Sort the objects in the dense scenes .

Updated: Apr 16

Overview :

Man-made scenes can be densely packed, containing numerous objects, often identical, positioned in close proximity. We show that precise object detection in such scenes remains a challenging frontier even for state-of-the-art object detectors. We propose a novel, deep-learning based method for precise object detection, designed for such challenging settings. Our contributions include: (1) A layer for estimating the Jaccard index as a detection quality score; (2) a novel EM merging unit, which uses our quality scores to resolve detection overlap ambiguities; finally, (3) an extensive, annotated data set, SKU-110K, representing packed retail environments, released for training and testing under such extreme settings. Detection tests on SKU-110K and counting tests on the CARPK and PUCPR+ show our method to outperform existing state-of-the-art with substantial margins. The code and data will be made available on \url{}.

A typical image in our SKU-110K, showing densely packed objects. (a) Detection results for the state-of-the-art RetinaNet[2], showing incorrect and overlapping detections, especially for the dark objects at the bottom which are harder to separate. (b) Our results showing far fewer misdetections and better fitting bounding boxes. (c) Zoomed-in views for RetinaNet[2] and (d) our method.

Soft-IoU layer, added to an object detector to estimate the Jaccard index between the detected box and the (unknown) ground truth box.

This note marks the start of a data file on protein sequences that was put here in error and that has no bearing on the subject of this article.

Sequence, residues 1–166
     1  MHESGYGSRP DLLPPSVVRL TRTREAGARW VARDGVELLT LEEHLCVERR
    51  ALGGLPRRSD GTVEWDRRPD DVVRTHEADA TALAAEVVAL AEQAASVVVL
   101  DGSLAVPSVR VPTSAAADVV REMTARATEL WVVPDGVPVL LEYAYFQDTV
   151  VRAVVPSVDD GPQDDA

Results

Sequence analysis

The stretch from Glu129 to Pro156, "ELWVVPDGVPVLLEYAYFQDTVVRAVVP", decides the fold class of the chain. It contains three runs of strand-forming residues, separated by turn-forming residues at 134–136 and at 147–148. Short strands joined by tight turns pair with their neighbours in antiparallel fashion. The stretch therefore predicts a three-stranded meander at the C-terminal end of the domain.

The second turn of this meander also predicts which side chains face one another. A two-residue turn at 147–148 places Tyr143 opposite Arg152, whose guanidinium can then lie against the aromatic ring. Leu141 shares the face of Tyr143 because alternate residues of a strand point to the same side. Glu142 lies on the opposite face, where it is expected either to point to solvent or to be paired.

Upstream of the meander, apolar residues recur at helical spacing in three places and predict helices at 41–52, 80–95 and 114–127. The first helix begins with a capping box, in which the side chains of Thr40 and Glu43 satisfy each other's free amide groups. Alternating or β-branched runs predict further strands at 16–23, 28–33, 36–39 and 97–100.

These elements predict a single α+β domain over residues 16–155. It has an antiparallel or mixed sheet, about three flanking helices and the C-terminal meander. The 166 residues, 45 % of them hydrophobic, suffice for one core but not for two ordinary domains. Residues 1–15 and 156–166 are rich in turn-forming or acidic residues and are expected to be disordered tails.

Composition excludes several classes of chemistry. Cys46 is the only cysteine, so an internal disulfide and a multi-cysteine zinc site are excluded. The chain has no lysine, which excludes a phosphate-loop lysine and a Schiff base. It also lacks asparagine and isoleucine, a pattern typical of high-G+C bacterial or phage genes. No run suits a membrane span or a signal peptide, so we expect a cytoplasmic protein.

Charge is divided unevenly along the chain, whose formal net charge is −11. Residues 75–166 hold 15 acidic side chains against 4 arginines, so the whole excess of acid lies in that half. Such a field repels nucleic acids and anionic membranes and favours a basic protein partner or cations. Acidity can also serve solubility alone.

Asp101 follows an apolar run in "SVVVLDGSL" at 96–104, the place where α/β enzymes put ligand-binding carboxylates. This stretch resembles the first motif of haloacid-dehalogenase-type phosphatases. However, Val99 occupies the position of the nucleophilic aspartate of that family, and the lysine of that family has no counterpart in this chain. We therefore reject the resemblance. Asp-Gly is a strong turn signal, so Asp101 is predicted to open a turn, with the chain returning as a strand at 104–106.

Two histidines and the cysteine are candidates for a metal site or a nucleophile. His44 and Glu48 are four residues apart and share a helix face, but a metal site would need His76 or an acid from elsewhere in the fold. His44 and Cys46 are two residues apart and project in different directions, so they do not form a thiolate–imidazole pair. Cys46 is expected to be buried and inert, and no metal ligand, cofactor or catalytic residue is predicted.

EM-Merger unit, which converts detections and Soft-IoU scores into a MoG (Mixture of Gaussians), and resolves overlapping detections in packed scenes.A new dataset and benchmark, the store keeping unit, 110k categories (SKU-110K), for item detection in store shelf images from around the world.

I propose learning the Jaccard index with a soft Intersection over Union (Soft-IoU) network layer. This measure provides valuable information on the quality of detection boxes. Those detections can be represented as a Mixture of Gaussians (MoG), reflecting their locations and their Soft-IoU scores. Then, an Expectation-Maximization (EM) based method is then used to cluster these Gaussians into groups, resolving detection overlap conflicts.

System diagram: (a) Input image. (b) A base network, with bounding box (BB) and objectness (Obj.) heads, along with our novel Soft-IoU layer. (c) Our EM-Merger converts Soft-IoU to Gaussian heat-map representing (d) objects captured by multiple, overlapping bounding boxes. (e) It then analyzes these box clusters, producing a single detection per object






[1] Eran Goldman*, Roei Herzig*, Aviv Eisenschtat*, Jacob Goldberger, Tal Hassner, Precise Detection in Densely Packed Scenes, 2019.

[2] Tsung-Yi Lin, Priyal Goyal, Ross Girshick, Kaiming He, Piotr Dollar, Focal loss for dense object detection, 2018.

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